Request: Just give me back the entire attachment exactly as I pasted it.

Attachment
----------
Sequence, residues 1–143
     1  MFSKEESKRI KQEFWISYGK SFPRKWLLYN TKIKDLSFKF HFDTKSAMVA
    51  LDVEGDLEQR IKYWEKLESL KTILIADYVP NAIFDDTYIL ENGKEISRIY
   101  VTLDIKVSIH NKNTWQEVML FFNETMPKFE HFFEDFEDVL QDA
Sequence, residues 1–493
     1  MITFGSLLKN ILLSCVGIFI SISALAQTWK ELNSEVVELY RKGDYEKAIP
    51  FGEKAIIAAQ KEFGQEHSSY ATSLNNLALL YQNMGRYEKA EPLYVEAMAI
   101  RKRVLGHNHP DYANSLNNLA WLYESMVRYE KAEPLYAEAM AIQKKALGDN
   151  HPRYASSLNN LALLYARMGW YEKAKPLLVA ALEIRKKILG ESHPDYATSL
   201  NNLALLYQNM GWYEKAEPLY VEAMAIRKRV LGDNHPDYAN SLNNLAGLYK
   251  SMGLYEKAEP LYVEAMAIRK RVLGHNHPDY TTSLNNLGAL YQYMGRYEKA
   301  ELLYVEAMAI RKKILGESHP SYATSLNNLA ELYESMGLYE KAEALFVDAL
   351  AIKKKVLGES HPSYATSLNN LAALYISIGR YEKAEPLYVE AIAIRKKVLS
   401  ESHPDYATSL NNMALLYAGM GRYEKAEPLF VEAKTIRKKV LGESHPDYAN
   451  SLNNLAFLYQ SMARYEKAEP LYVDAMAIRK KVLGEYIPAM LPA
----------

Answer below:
Sequence, residues 1–143
     1  MFSKEESKRI KQEFWISYGK SFPRKWLLYN TKIKDLSFKF HFDTKSAMVA
    51  LDVEGDLEQR IKYWEKLESL KTILIADYVP NAIFDDTYIL ENGKEISRIY
   101  VTLDIKVSIH NKNTWQEVML FFNETMPKFE HFFEDFEDVL QDA
Sequence, residues 1–493
     1  MITFGSLLKN ILLSCVGIFI SISALAQTWK ELNSEVVELY RKGDYEKAIP
    51  FGEKAIIAAQ KEFGQEHSSY ATSLNNLALL YQNMGRYEKA EPLYVEAMAI
   101  RKRVLGHNHP DYANSLNNLA WLYESMVRYE KAEPLYAEAM AIQKKALGDN
   151  HPRYASSLNN LALLYARMGW YEKAKPLLVA ALEIRKKILG ESHPDYATSL
   201  NNLALLYQNM GWYEKAEPLY VEAMAIRKRV LGDNHPDYAN SLNNLAGLYK
   251  SMGLYEKAEP LYVEAMAIRK RVLGHNHPDY TTSLNNLGAL YQYMGRYEKA
   301  ELLYVEAMAI RKKILGESHP SYATSLNNLA ELYESMGLYE KAEALFVDAL
   351  AIKKKVLGES HPSYATSLNN LAALYISIGR YEKAEPLYVE AIAIRKKVLS
   401  ESHPDYATSL NNMALLYAGM GRYEKAEPLF VEAKTIRKKV LGESHPDYAN
   451  SLNNLAFLYQ SMARYEKAEP LYVDAMAIRK KVLGEYIPAM LPA